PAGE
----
Legal battle brews as Battery Park City residents challenge MTA's congestion pricing plan

Residents argue that the toll program failed to consider the unique challenges presented by their neighborhood, suggesting that the improvements promised by congestion pricing may have detrimental effects for those in the area.

Edric Robinson

Jan 9, 2024, 12:06 AM

Updated 185 days ago

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In the face of impending congestion pricing in New York City, Battery Park City residents are launching a legal challenge against the Metropolitan Transportation Authority.
They argue that the toll program failed to consider the unique challenges presented by their neighborhood, suggesting that the improvements promised by congestion pricing may have detrimental effects for those in the area.
“If the congestion plans go through and there’s congestion on West Street, the time that it could take to get to the hospital is a matter of life and death for my daughter,” said Elizabeth Chan, a lifelong resident of Battery Park City. 
Chan, whose 3-year-old daughter has an autoimmune issue requiring urgent medical attention, decided to take legal action after she says her concerns were ignored. She fears that the city's congestion plan could impede emergency vehicles, endangering not only her daughter but also other residents along West Street and the FDR Drive.
“Whenever she has a seizure, she has to have emergency medicine dispensed, and she has to be at a hospital within 10 minutes,” Chan explained.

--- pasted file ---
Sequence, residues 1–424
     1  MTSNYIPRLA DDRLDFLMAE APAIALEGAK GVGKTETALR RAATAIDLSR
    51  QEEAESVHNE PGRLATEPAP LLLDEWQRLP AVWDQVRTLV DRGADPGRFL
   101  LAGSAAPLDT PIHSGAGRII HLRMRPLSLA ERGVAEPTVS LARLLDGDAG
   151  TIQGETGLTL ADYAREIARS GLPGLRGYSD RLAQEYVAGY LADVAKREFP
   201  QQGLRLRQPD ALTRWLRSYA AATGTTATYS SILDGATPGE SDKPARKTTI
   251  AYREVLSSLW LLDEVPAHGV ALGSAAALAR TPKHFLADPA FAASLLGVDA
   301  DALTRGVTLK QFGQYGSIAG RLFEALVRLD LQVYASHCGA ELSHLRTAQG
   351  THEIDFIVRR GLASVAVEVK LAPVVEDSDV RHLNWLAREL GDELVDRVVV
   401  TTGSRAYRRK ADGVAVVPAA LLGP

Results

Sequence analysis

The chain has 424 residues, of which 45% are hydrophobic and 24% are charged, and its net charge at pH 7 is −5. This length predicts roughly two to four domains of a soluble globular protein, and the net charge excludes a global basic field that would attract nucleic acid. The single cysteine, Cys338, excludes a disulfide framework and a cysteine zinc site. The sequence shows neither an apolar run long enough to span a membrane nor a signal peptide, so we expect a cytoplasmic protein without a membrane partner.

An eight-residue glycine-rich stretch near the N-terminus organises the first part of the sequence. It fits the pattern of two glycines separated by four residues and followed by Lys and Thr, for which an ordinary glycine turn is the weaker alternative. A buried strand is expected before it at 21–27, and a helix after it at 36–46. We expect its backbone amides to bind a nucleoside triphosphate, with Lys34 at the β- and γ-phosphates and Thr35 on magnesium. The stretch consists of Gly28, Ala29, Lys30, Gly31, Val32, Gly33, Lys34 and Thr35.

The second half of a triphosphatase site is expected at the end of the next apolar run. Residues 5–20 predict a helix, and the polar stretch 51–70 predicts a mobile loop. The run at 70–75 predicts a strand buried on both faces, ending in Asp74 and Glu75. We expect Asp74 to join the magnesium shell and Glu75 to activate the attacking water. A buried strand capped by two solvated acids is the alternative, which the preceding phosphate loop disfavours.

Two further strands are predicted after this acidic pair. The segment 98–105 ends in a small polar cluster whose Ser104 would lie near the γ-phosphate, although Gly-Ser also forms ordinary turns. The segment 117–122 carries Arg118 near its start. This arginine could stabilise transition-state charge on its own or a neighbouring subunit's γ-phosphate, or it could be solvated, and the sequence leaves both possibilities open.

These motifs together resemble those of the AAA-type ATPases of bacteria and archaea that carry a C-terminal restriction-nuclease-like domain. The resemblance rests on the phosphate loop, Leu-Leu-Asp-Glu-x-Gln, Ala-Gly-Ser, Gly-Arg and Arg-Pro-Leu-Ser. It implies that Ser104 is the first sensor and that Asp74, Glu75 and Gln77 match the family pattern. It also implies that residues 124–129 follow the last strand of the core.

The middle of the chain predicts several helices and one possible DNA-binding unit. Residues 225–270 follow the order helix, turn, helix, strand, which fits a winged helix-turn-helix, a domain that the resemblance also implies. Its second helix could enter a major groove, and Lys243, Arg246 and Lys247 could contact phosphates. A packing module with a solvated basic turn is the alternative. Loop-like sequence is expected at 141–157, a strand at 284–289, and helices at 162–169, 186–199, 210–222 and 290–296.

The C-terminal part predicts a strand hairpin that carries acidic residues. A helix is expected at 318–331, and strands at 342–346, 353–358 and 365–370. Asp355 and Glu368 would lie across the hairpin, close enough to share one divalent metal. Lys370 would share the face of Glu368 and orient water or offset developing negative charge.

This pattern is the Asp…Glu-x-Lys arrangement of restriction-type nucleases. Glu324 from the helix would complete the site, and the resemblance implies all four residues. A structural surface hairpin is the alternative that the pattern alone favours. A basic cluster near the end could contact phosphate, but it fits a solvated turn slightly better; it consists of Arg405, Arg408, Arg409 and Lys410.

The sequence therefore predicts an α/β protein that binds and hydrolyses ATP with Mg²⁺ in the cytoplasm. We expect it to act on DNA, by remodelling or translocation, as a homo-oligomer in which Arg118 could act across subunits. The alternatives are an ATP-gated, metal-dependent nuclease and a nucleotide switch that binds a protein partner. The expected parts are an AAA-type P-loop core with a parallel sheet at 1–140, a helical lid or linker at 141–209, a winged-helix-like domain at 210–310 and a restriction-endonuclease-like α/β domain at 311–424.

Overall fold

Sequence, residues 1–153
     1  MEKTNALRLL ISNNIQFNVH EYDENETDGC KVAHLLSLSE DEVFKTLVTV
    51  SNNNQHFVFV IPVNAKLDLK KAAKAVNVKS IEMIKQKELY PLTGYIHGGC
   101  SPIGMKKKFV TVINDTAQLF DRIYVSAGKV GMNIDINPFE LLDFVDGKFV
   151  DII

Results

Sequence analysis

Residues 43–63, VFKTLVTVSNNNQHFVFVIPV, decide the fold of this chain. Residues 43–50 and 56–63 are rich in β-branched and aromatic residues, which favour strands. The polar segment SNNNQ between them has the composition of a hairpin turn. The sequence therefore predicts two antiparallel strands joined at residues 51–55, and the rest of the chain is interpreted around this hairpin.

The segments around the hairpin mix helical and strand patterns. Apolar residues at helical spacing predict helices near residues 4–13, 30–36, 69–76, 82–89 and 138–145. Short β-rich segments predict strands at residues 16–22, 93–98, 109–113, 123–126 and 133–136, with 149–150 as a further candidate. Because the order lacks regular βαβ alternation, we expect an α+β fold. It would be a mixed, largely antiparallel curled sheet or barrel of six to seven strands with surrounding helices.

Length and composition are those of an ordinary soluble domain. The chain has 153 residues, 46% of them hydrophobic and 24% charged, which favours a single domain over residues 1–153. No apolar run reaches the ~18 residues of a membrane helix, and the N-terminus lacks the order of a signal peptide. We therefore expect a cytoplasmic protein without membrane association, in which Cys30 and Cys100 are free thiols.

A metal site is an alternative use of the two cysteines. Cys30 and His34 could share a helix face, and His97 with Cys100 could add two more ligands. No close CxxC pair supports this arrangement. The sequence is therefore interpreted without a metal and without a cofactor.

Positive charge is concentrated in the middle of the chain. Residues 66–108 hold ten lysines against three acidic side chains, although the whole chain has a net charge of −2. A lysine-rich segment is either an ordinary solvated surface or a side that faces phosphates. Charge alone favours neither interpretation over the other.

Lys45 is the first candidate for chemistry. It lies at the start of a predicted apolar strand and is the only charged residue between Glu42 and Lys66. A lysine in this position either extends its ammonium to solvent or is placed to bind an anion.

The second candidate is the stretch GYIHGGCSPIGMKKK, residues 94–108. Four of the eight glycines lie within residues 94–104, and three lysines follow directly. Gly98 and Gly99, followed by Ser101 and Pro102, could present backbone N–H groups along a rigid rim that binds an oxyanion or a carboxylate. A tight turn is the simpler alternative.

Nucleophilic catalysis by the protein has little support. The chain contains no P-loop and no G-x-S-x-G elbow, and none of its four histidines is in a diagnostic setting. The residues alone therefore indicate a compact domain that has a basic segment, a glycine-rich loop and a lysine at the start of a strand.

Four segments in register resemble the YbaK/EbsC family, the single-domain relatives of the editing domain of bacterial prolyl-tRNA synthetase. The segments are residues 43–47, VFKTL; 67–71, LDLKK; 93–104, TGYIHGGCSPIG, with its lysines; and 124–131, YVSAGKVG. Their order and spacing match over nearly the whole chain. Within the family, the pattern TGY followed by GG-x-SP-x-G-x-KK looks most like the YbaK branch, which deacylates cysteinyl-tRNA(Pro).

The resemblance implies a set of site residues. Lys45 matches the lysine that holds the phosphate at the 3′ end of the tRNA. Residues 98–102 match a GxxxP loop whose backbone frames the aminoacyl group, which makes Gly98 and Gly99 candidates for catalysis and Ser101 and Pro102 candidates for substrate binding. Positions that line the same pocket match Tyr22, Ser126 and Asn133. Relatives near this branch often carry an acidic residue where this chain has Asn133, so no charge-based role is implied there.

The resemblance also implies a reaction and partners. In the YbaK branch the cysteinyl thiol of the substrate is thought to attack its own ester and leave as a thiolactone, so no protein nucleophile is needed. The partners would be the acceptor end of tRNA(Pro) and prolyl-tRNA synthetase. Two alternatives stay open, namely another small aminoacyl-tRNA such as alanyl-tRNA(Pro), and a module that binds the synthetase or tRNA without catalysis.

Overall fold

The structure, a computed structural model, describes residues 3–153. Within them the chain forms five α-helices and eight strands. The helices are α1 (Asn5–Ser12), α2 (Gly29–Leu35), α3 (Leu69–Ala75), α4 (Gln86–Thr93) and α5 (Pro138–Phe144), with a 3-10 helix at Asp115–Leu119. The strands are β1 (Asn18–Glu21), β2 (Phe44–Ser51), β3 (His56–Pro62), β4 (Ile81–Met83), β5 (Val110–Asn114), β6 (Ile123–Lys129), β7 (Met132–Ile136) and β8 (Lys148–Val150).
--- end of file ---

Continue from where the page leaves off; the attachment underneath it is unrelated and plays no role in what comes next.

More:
Despite raising these concerns during community input periods, Chan claims she received no response. 
“We spoke with public officials, we’ve called every elected official we possibly could talk to, we sent letters to the MTA, we sent letters to the FHA, nothing got responded to,” said Chan. 
Over a dozen volunteer residents say they scrutinized the MTA's documentation on the Central Business District Tolling Program, also known as the congestion plan. The program would charge drivers south of 60th Street, leaving West Street and the FDR Drive toll-free. Residents argue that the impact on these landlocked streets is not adequately addressed in the plan.
Tamara Hoffman, another resident and plaintiff in the suit, raised concerns about the plan merely moving congestion outward. She stated, “We’re just moving the congestion to the edges. My concern is my daughter’s playground is next to the West Side Highway, her school is a block from the West Side Highway. If traffic increases in that area, what does that make me worry about - air quality and pedestrian safety.”
In response, MTA Chief of External Relations John J. McCarthy said in a statement.
“Every detail of this issue has been studied extensively as evidenced by the 4,000+ page environmental assessment, and now it’s time to deal with the congestion that’s clogging roads and slowing down buses, emergency vehicles and commerce while also polluting the air we breathe.”
Chan argues that unilateral decisions with potential negative impacts on communities must come with clear answers. The group of concerned residents is now fundraising to support attorney fees following the involvement of a federal judge.
“If it hurts children no matter where they come from, no matter what class, no matter what race, no matter where they live, it’s going to hurt our children. We can’t let that happen,” Chan concluded. 
The group contends this legal battle may not only shape the fate of Battery Park City but could have broader implications for communities facing the challenges of congestion pricing.


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